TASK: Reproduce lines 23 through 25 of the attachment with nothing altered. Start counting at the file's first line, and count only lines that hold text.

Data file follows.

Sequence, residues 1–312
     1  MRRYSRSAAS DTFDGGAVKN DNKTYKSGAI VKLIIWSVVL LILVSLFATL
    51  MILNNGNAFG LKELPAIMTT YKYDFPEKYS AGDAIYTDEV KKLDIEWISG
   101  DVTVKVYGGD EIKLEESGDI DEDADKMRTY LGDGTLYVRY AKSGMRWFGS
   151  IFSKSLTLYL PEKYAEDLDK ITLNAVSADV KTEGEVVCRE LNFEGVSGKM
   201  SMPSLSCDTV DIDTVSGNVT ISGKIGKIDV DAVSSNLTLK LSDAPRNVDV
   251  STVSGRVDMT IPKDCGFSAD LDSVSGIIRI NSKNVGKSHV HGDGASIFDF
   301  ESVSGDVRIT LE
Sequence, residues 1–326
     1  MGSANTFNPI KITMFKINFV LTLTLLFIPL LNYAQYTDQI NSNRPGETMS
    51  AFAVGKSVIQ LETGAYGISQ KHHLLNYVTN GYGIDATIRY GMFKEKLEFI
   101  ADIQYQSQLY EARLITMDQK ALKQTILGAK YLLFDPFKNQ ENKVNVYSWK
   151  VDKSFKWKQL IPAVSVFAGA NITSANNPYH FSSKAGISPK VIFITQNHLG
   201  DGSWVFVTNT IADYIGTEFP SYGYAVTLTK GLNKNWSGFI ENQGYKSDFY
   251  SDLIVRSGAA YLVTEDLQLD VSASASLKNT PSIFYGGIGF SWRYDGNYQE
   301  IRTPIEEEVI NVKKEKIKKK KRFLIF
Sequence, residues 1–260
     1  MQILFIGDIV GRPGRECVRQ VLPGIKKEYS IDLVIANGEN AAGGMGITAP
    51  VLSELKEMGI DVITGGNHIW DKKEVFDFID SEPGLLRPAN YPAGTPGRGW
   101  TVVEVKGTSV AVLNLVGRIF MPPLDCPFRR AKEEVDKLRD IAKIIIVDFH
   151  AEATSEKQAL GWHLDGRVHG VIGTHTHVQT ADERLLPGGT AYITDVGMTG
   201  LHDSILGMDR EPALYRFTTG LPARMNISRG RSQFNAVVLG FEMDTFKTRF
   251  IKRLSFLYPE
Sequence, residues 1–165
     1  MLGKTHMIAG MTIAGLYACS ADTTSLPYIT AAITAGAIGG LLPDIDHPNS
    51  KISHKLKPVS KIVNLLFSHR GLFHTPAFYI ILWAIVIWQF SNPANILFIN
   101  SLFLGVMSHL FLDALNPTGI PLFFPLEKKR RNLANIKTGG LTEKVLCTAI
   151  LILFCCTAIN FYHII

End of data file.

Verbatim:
   251  IKRLSFLYPE
Sequence, residues 1–165
     1  MLGKTHMIAG MTIAGLYACS ADTTSLPYIT AAITAGAIGG LLPDIDHPNS